As Provanmill wasn’t part of Glasgow’s new plans for cycle lanes.  The community decided to create a temporary bike lane themselves to showcase their need. 


  • Testing ideas yourself can help you showcase your community need. 
  • Work close with the community, this not only gives you support but also minimises vandalism towards any project work. 
  • Involve and work closely with your local council and Councillors, as this helps gain political trust and understanding.
  • Use social media to capture and promote what you are doing as this reaches a wider audience and helps support your project need. 
  • Things can happen very quickly when the people involved that want  to see it happen. 

Impact/next steps 

Continue with the community steering group and help link up the area.


Continuing Students’ Education During Lockdown
Macari, lecturer at the School of Social Sciences, University of Dundee 


Urban planning and environmental sustainability students at Dundee University applied a community focused lens to their education embarking on new ways to continue engagement with a local community as part of their studies. With lockdown in placestudents transformed traditional methods into to digital engagement platform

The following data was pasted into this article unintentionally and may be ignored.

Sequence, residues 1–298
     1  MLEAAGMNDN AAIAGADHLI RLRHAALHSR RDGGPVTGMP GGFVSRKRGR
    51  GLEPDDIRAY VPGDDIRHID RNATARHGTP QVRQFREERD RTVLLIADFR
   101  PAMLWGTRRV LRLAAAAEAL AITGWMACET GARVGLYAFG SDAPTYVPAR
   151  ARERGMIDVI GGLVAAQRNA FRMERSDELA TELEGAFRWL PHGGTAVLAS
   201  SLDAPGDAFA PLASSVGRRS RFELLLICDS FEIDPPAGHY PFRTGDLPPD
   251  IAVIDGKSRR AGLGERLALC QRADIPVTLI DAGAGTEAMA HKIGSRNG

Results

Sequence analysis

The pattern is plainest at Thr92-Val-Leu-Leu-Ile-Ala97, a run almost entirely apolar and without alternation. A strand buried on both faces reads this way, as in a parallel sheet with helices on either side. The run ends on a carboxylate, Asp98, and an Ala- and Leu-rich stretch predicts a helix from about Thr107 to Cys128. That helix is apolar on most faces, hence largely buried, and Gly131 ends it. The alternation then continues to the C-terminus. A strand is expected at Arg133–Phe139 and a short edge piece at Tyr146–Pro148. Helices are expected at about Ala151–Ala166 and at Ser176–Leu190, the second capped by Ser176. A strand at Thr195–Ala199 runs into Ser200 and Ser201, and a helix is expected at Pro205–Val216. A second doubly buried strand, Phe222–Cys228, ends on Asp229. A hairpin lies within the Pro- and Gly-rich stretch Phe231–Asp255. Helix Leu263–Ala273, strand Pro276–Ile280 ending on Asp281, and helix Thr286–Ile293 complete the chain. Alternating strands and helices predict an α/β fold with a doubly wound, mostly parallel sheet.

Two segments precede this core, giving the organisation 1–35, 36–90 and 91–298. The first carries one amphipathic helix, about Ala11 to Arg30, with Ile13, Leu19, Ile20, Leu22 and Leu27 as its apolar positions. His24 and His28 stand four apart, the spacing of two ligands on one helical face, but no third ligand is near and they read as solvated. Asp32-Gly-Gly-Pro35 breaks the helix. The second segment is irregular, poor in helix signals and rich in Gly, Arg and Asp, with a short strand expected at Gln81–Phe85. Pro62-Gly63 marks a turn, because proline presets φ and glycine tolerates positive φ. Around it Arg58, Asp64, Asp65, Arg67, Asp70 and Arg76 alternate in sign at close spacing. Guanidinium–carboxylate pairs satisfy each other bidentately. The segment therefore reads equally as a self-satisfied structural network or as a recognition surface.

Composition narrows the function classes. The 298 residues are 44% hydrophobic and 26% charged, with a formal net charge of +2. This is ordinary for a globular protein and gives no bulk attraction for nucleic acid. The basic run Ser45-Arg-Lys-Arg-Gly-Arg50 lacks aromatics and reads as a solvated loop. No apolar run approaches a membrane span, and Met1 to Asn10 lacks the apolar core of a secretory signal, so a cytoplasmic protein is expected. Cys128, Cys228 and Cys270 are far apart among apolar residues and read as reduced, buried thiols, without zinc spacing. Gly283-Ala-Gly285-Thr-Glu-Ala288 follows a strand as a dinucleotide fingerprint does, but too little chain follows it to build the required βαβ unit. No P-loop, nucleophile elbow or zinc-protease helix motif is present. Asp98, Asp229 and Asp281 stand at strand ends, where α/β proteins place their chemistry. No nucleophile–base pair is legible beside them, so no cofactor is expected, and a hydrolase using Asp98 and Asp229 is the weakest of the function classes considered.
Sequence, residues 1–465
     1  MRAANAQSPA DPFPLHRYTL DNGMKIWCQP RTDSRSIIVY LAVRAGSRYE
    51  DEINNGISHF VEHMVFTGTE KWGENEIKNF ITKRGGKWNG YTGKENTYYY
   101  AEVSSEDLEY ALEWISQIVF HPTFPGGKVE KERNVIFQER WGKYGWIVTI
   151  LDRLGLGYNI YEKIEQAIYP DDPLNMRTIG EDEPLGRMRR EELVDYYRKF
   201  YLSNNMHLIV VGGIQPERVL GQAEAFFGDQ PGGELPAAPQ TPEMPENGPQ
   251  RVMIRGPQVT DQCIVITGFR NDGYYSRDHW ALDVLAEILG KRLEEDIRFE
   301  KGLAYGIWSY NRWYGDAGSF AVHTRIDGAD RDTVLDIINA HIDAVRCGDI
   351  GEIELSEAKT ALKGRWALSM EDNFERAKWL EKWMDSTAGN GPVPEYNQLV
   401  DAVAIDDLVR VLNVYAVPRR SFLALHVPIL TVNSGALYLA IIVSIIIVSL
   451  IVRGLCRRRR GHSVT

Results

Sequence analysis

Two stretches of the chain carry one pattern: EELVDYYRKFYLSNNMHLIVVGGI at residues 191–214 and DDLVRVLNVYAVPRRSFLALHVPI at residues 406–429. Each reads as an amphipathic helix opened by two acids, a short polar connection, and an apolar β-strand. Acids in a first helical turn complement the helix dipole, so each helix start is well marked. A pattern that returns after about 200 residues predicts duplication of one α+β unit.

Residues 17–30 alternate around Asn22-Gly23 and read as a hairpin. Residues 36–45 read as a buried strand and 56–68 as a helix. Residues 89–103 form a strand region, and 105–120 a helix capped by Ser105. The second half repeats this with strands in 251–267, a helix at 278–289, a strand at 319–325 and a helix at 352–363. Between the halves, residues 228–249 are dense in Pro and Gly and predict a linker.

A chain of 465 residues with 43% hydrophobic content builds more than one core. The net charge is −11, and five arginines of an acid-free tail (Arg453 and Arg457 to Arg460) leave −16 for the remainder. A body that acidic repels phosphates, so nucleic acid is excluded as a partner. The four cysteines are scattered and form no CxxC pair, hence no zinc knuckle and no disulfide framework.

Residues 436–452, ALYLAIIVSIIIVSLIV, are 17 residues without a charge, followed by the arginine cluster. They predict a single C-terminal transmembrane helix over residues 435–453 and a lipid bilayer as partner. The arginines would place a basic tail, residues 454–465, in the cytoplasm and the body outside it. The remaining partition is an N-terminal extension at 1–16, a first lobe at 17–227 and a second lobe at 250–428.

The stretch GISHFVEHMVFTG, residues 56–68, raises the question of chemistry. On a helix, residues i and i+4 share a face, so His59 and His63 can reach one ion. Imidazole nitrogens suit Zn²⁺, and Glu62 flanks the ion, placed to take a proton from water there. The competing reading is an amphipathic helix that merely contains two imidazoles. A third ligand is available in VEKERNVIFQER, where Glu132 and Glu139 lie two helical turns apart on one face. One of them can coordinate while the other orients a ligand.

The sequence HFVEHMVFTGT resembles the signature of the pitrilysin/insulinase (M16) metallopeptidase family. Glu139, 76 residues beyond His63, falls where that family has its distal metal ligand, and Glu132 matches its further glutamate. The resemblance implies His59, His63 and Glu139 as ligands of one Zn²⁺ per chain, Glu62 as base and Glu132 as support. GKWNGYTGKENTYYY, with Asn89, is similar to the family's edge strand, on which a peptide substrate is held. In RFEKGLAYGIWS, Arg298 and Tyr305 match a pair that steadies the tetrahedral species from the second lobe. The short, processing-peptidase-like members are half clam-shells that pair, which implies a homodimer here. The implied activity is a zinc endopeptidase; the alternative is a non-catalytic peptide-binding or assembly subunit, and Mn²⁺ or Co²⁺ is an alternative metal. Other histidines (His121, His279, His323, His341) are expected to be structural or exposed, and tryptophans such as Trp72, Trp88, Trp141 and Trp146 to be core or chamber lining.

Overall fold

Students added in new ways to expand their knowledge and understanding of community issues creating digitally local personas, mapped ideas and solutions and testing these as various scenarios.  


  • Opportunity to engage more with the community digitally.  
  • Encouraged the students to think outside the academic comfort zone.  
  • Learned about the relationships between communities and professionals involved in shaping our cities, towns and neighbourhoods  

Impact/Next steps  

  • Rethink and reframe delivering elements of Planning Education by enabling the aspect of learning in community to be regarded as a new marker 
  • Enabling the students to obtain “on the job/real time  experience that can be used for future job opportunities.